Controlled Tips

Controlled tips are gratuities that are controlled by the employer. Since they are controlled by the employer, the employer is considered to have paid these amounts to the employee. The following are some examples of controlled tips:
• The employer adds a mandatory service charge to a client's bill to cover tips;
•The employer adds a percentage to a client's bill to cover tips;
•Tips allocated to employees using a tip sharing formula determined by the employer;
•Tips that an employer includes in his business income, later expenses and redistributes to employees in the form of pay;
•Tips that the employees are required to turn over to their employer and are later distributed to the employees;
•Cash tips that are deposited in the employer's bank account and become the property of (or even commingled with the property of) the employer and subsequently paid out to the employees.

We use the term 'controlled tips' within this article to denote the principles of employer control/employer possession over the tips and the employer's obligation to pay the tip to the employee as expressed by the courts.

Controlled tips form part of the employee's total remuneration and are subject to CPP contributions and EI premiums being deducted at source, provided that this person is employed in pensionable and/or insurable employment.

Direct Tips

Direct tips are gratuities that are paid directly by the client to the employee and that are not subject to any of the forms of control by the employer as mentioned above under the heading controlled tips. The following are some examples of direct tips:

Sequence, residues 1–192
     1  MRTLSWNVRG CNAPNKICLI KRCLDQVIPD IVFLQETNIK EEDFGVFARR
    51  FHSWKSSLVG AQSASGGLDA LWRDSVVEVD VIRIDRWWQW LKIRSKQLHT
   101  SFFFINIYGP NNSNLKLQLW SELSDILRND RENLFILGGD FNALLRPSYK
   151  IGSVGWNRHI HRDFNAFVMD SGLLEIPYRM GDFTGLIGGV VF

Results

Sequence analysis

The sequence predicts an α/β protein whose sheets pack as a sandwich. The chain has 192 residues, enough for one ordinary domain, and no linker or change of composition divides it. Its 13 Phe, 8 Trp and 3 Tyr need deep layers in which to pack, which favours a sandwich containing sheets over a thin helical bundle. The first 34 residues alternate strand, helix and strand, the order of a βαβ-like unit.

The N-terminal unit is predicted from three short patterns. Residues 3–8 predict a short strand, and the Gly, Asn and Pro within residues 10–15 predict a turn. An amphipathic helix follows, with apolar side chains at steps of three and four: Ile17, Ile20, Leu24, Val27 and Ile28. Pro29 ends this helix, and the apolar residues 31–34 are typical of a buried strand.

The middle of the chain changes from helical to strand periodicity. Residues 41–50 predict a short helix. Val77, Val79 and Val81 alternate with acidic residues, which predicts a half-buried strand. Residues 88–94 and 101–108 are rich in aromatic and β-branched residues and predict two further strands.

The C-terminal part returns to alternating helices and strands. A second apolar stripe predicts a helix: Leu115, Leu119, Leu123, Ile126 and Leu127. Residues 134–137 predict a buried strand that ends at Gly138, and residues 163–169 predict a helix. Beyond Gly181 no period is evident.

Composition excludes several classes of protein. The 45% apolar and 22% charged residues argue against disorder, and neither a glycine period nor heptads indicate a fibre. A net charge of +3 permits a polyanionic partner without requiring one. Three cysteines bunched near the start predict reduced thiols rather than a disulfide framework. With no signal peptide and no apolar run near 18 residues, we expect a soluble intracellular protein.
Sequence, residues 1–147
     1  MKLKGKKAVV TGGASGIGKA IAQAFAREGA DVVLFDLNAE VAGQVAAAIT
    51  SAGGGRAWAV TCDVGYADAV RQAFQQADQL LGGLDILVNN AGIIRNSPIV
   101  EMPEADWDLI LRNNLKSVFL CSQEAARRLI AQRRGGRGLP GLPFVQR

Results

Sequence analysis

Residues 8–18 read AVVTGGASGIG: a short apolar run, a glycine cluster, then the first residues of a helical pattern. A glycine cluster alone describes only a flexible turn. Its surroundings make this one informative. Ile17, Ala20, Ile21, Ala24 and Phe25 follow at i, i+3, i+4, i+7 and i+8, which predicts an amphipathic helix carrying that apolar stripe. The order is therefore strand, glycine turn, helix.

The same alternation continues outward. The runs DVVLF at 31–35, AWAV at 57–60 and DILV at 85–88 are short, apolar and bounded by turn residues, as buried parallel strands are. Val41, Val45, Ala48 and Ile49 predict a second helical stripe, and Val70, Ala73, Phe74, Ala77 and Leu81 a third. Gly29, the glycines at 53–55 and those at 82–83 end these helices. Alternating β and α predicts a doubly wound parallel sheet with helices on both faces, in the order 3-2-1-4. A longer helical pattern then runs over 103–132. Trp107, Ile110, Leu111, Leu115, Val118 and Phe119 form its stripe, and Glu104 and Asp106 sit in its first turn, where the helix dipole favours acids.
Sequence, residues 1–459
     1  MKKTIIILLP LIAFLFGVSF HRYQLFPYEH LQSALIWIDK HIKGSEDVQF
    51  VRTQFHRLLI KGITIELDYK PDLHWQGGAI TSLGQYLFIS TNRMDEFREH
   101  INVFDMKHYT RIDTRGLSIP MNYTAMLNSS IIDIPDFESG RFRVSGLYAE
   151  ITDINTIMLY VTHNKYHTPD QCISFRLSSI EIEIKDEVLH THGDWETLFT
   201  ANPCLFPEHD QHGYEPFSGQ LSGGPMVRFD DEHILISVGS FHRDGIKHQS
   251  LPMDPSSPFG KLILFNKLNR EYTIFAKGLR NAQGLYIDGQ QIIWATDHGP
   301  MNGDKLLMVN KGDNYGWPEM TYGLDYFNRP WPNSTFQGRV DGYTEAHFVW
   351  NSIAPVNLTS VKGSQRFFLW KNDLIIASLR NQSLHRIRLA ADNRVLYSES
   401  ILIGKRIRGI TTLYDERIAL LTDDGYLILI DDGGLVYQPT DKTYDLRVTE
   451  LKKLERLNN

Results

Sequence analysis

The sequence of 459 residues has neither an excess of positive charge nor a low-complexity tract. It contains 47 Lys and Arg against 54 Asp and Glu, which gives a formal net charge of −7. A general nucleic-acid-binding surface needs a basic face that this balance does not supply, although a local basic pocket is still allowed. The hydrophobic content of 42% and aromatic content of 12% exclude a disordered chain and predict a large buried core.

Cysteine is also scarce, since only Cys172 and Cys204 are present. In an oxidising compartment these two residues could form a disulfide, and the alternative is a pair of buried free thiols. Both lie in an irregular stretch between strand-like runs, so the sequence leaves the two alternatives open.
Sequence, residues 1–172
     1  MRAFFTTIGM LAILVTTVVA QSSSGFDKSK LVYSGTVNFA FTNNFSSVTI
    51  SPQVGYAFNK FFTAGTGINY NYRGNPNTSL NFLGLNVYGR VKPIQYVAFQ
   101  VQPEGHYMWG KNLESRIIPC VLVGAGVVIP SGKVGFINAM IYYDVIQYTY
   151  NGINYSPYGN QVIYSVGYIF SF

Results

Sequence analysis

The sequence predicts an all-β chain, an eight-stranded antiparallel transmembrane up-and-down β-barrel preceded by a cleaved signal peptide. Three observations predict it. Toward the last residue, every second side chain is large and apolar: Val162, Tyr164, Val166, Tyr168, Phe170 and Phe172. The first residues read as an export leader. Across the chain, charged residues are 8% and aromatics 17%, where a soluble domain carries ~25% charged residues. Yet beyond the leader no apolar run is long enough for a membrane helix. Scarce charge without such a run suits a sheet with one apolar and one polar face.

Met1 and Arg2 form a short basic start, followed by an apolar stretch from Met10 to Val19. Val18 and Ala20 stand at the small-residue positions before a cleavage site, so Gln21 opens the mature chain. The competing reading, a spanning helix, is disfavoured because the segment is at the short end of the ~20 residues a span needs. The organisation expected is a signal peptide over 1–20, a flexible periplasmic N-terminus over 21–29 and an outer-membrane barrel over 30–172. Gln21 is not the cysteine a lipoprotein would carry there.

• A client leaves money on the table at the end of the meal and the server keeps the whole amount;
• A client gives a tip directly to a bellhop, door person, car attendant, porter; etc.
• Tips pooled and/or shared among employees in a manner determined by the employees (as opposed to the employer);
• When paying the bill by credit card, a client includes an amount for a tip on the credit card and the employer returns the tip amount in cash to the employee;
• When paying the bill by debit card, a client includes an amount for a tip and the employer returns the tip amount in cash to the employee;

We use the term 'direct tips' to denote the principle of when the employer has no control over the tip amount and no control over the tip distribution. Direct tips are considered to have been paid by the client and not the employer. In these situations, the employer is merely a conduit for the tip from the client to the worker.

[color=#0000FF]Direct tips are not subject to CPP contributions and/or EI premiums. However, an employee can elect to make CPP
contributions on tip amounts earned in the course of pensionable employment where the tip income is found not to be subject to CPP contributions at source. The individual will complete a form CPT20 to elect to pay the CPP contributions.

It is possible for an employee to receive both controlled and direct tips. In such a situation, only the controlled tips will form part of the employee's pensionable and/or insurable earnings.

Declared Tips